It is, fundamentally, a joy, with meditations on ambition, exploitation and loneliness all delivered in a way that makes the audience genuinely empathise with the characters.

Go, go twice, go again. You’ll have no regrets.



Reviewed on 9th December 2022

by Eleanor Ross

Photography by Helen Murray



Previously reviewed at this venue:


Lava | ★★★★ | July 2021
Favour | ★★★★ | June 2022
The P Word | ★★★ | September 2022


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The Wellspring

The Wellspring


Royal & Derngate Theatre

The Wellspring

The Wellspring

Royal and Derngate Theatre

Reviewed – 24th March 2022



“a charming vignette of the relationship between a son and his father”


The stage of the Theatre Royal is stripped back to its battered rear wall (Designer Rosie Elnile). Within the space stands a trailer full of property – someone is moving house perhaps – tables, chairs, carpet, a music stand. Seemingly abandoned at the front of the stage is a rather strange looking piano. A projection screen (Video Design Megan Lucas) resembles a giant mobile phone. It shows two compasses inscribed with town names: London – Paris – Oxford – Long Buckby. We soon discover the relevance of each of these places for one or other of our two characters.

These characters are father and son, David and Barney. Played by real life father and son, concert pianist David Owen Norris and playwright Barney Norris. And co-authored by them too. It is a curious piece scripted as a play with the subtitle “A Memory Cycle”. It is essentially a series of alternating monologues with some small amount of interaction between the two actor/performer/family members. Jude Christian directs their effortless movement around the stage.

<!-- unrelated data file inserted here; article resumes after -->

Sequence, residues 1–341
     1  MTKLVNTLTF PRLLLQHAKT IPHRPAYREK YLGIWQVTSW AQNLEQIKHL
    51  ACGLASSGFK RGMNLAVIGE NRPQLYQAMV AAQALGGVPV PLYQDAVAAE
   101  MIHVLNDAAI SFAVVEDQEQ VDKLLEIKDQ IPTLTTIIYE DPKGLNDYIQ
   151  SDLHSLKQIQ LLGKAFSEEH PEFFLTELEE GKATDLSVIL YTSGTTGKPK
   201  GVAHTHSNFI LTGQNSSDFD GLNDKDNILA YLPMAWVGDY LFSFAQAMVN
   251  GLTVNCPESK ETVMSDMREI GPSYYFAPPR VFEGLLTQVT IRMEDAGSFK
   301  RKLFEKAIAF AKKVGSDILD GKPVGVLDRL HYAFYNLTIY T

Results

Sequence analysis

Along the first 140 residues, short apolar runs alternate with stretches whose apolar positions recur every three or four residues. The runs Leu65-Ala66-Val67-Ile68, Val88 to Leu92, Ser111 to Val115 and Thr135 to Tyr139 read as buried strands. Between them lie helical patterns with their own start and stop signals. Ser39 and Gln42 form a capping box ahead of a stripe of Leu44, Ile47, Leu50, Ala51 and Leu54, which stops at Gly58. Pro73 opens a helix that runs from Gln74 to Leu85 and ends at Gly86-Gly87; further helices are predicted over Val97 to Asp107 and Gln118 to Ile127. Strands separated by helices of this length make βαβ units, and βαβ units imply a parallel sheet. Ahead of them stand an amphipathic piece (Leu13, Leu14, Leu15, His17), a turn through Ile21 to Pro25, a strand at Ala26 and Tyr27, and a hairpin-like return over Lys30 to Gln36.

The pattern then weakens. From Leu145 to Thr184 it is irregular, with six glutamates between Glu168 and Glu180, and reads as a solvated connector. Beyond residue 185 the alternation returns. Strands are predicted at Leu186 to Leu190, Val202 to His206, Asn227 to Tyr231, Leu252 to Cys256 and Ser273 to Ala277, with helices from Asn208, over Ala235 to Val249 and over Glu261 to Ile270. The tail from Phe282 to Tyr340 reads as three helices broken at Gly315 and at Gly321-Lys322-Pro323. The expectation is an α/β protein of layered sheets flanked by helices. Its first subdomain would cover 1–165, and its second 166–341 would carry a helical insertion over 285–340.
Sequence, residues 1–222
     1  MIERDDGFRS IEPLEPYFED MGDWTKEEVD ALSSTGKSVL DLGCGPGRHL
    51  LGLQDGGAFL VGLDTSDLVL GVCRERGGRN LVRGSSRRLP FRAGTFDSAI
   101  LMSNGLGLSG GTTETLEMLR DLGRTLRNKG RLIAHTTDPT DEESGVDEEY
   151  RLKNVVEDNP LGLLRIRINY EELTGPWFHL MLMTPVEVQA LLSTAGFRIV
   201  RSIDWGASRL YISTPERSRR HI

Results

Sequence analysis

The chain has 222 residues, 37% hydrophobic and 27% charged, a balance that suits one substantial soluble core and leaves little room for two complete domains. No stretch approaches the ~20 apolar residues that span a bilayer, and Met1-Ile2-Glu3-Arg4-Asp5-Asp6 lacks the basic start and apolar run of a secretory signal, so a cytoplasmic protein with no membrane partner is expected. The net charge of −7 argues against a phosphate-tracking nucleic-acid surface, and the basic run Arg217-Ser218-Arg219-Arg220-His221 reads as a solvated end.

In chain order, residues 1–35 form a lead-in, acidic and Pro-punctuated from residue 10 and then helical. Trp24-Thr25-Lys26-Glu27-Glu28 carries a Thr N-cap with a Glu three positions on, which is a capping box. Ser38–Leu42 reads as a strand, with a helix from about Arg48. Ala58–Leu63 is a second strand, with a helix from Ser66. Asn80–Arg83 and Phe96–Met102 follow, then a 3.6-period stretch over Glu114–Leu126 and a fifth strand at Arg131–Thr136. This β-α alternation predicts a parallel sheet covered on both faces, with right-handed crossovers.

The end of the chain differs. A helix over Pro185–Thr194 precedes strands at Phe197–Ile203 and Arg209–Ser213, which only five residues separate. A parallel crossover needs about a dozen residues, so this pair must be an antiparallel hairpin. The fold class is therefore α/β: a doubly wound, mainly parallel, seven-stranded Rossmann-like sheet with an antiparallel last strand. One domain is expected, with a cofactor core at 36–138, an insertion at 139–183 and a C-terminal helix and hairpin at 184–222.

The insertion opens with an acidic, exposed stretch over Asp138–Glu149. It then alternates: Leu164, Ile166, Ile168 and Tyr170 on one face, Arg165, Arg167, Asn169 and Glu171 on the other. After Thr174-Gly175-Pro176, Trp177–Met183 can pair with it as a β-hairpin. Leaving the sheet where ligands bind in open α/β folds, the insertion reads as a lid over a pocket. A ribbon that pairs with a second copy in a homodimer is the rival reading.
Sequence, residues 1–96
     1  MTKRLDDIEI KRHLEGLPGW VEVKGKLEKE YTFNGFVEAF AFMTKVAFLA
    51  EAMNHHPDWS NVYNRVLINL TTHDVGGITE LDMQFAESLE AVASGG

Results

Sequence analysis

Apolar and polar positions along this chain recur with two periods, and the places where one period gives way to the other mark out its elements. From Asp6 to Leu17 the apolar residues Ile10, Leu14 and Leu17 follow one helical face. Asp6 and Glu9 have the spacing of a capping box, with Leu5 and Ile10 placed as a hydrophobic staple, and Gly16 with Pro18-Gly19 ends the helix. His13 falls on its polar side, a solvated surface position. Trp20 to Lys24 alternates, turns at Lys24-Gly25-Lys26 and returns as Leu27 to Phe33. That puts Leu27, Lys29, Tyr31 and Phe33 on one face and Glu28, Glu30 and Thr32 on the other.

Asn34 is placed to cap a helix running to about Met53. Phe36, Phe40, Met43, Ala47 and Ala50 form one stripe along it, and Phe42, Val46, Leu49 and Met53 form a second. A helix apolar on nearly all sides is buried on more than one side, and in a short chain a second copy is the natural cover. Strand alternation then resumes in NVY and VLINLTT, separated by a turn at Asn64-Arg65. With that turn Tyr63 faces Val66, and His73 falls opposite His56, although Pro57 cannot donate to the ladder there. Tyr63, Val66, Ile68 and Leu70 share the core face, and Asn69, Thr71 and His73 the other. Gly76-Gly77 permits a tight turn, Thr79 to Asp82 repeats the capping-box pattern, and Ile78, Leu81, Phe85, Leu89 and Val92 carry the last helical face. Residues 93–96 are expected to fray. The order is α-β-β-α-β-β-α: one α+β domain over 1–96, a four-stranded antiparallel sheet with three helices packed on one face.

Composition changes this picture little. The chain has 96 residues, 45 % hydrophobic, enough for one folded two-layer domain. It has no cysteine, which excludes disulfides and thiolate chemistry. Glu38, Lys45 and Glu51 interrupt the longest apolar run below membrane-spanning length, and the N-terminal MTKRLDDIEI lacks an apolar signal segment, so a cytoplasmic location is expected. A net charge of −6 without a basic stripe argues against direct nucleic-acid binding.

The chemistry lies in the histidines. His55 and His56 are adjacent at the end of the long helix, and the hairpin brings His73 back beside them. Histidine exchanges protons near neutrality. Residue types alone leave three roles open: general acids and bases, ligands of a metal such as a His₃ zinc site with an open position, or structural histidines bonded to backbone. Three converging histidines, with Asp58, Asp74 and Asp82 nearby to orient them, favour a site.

David softly plays the piano whilst Barney talks. Barney (inexplicably) cooks dinner during David’s turn. Home video images from thirty years ago are projected onto the screen, sharing with us a small part of their past lives together. David relates some stories, mere snippets of story really, about how he has reached this point in his career; he seems satisfied with how things have turned out. Barney worries about where his career is heading; he seems anxious of his future. David says of Barney near the end, “You’ve made your story sadder than mine” and we feel that the younger man hasn’t yet found what he is looking for; this collaboration being part of his search for an answer.

There’s an ample amount of humour in the narration. This audience enjoys the references to speaking with a Northamptonshire accent, so rarely heard nowadays, even in Northampton. And there is some pain too: the audience sighs in empathy of David’s experiences in Sydney and at Barney’s bruising street encounter.

The musical interludes that reflect the stories are delightful. David’s doodlings at the keyboard appear effortless: Mozart, Beethoven, Brahms, Elgar, even some pieces of his own. Barney turns the tables and takes his own place on the piano stool for some Schubert. Barney’s soft baritone renditions of both faux and real English folk songs make you realise he has other talents if the script-writing business goes south.

This short performance is a charming vignette of the relationship between a son and his father. Is there anything to be learned from their cycle of memories? “You take the music where you find it” is the most profound reflection to carry away from the evening. Perhaps too, a desire to hear Barney sing in a real folk club and to hear David play on a proper piano.



Reviewed by Phillip Money

Photography by Robert Day


The Wellspring

Royal and Derngate Theatre until 26th March


Recently reviewed at this venue:
Blue / Orange | ★★★★ | November 2021